A fiery Saddam was back in court on Monday after boycotting his trial, but said he was forced to appear.
As soon as he arrived in court, Saddam roared: "Down with the traitor, down with traitors, down with Bush... long live the ummah (Islamic nation) ... long live the ummah ... long live the ummah..."
"I was forced into the courtroom," the former president of Iraq told Raouf Abdel Rahman, the chief judge.
Saddam, who condemns the court as an imperial creation of US military occupation, slammed his fist on the railing of his metal pen as he berated the chief judge.
"You don't have the right to sit on that chair because you are ignorant of the law," Saddam told Abdel Rahman.
The toppled Iraqi leader refused an offer of court-appointed lawyers to replace his defence team, which walked out of the court last month to protest against the tough new chief judge.
Saddam appeared with his seven co-accused, but he and his half-brother Barzan al-Tikriti quickly went into attack mode.
Barzan, his half-brother and former secret police chief, frequently interrupted the session as guards were seen pushing him down into his seat in the dock.
The trial has moved to its second phase, from victims testifying about abuses of security forces to witnesses, including government officials, shedding light on the events of that period.
"I was forced into the courtroom"
former president of Iraq
Two of Saddam's former senior aides told the chamber they were forced to appear as witnesses and one of them accused the chief prosecutor of being a former member of Saddam's intelligence services, throwing a new twist into a chaotic trial.
They told the court that they had been forced to appear as witnesses, reinforcing concerns by some human rights groups that a fair trial is impossible in Iraq.
Hassan al-Obeidi, intelligence director from 1980 to 1991, and Ahmed Hussein Khudayer al-Samarrai, the former head of Saddam's office, had been in detention and said they did not want to testify.
Al-Samarrai said he was blindfolded and handcuffed when he was brought to the court.
"I was brought here by force and I refuse to testify," al-Samarrai told the court. "I did not accept to be a witness."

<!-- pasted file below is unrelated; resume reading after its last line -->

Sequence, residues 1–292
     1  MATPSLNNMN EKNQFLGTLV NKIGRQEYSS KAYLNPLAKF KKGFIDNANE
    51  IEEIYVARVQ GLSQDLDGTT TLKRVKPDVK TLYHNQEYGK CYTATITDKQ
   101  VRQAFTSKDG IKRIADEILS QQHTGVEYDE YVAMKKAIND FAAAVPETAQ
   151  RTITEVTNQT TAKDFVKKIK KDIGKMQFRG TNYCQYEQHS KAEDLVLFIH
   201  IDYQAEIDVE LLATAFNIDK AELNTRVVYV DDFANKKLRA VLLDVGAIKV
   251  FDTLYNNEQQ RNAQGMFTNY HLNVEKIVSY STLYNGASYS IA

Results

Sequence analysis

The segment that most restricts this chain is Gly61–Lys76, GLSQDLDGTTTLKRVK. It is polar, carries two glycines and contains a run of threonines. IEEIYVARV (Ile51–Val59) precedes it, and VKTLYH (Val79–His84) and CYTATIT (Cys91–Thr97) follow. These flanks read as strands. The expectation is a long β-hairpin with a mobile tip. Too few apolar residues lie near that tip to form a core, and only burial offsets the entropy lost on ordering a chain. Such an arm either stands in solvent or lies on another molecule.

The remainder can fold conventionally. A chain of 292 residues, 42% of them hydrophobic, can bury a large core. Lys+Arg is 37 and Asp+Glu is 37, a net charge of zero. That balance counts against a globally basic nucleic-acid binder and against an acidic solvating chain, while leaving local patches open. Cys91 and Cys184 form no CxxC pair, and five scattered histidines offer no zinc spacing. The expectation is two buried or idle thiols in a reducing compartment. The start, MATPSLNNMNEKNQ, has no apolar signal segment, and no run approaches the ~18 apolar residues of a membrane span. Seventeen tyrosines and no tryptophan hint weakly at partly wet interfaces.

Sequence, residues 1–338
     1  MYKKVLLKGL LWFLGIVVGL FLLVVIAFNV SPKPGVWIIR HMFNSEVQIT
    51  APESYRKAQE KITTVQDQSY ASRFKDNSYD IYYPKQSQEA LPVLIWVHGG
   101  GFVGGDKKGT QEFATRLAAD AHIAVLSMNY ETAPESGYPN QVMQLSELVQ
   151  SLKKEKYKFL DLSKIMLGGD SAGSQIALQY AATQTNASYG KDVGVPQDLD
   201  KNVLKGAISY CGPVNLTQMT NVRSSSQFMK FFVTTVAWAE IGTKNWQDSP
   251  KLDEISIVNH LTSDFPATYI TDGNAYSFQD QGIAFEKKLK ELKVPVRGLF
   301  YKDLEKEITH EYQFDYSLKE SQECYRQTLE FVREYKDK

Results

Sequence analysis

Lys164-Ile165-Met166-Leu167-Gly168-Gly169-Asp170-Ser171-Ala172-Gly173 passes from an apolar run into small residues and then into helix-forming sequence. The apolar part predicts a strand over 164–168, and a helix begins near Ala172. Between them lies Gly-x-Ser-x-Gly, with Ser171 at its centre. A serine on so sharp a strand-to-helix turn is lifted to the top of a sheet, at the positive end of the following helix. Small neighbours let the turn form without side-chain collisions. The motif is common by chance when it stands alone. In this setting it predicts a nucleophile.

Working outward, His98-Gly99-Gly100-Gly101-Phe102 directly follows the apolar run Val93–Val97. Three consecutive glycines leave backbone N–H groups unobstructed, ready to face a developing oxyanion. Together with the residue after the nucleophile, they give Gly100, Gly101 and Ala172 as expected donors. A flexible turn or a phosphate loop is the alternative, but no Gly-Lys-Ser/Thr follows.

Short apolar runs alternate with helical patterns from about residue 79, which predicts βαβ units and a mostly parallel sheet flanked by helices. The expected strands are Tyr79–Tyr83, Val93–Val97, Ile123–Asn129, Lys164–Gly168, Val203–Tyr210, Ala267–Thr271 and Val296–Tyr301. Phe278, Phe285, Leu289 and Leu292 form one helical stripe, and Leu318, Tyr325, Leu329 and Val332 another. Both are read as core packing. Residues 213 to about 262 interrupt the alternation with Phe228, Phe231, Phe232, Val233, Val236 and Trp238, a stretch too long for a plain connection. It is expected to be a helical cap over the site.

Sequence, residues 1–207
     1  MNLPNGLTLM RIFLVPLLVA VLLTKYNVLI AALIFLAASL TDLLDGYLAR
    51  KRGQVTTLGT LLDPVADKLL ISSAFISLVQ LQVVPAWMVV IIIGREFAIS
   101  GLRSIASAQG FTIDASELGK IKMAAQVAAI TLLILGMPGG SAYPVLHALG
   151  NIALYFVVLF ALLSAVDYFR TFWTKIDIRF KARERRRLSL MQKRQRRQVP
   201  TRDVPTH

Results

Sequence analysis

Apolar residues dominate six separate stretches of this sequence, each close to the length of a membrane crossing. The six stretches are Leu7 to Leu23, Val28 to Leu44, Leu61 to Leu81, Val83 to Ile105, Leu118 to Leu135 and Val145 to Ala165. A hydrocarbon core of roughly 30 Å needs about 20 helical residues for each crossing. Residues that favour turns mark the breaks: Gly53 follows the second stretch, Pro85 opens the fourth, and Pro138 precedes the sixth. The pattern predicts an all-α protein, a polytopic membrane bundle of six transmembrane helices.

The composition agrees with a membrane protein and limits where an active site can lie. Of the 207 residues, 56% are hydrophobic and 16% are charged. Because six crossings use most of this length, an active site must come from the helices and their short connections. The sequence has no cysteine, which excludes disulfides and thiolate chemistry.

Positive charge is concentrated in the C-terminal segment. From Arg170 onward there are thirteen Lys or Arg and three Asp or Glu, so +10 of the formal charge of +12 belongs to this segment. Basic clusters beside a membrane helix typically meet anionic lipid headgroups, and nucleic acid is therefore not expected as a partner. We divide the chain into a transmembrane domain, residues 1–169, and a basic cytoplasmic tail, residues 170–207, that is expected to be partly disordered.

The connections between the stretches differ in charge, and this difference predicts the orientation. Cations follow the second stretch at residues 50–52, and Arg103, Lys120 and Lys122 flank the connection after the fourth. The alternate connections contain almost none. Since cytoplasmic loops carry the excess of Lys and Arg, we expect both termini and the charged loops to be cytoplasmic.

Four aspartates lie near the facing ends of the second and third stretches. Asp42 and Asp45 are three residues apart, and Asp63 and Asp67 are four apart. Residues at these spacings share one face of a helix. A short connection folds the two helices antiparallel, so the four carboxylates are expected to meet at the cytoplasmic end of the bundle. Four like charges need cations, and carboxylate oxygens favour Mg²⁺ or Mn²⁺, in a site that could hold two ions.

Prosecutors hope former senior officials who served under Saddam will help them establish a chain of command that proves the former leader was directly involved in atrocities.
'Law of the jungle'
The appearance of Saddam was a surprise, given that a senior defence lawyer had told reporters earlier on Monday that all the defendants planned to continue boycotting the hearings.
Saddam and his defence lawyers walked out of the court on 29 January in protest at the new presiding judge's decision to expel Barzan for being disruptive.
"No international law can force people to attend trials"
head of Saddam's defence team
Khalil al-Dulaimi, the head of Saddam's defence team, said: "No international law can force people to attend trials.
"Unless you change the law and turn it into the law of the jungle."
The trial has frequently descended into farce, with sessions featuring long outbursts or walkouts by the defendants and their counsel, as well as the resignation of the previous chief judge.
Before Monday's session, al-Dulaimi said the defence team had conditions that had to be met to ensure their return, including replacing Abdel Rahman and Jaafar al-Mussawi, the prosecutor.
He also called for improved security for the defence counsel and continuous television transmission of the trial without periodic cuts to ensure that it was "transparent and fair".
Al-Dulaimi, who calls the entire court illegitimate, said the proceedings were dangerously adrift.
"They don't know what to do, because for a court you need a judge, a prosecutor, defence and defendants - if two of them are not here, then there is no more court," he said.
All eight defendants face the death penalty if convicted over the massacre of more than 140 Shias after an attempt on Saddam's life in 1982 in the town of Dujail.
They pleaded not guilty on the first day of the trial in October.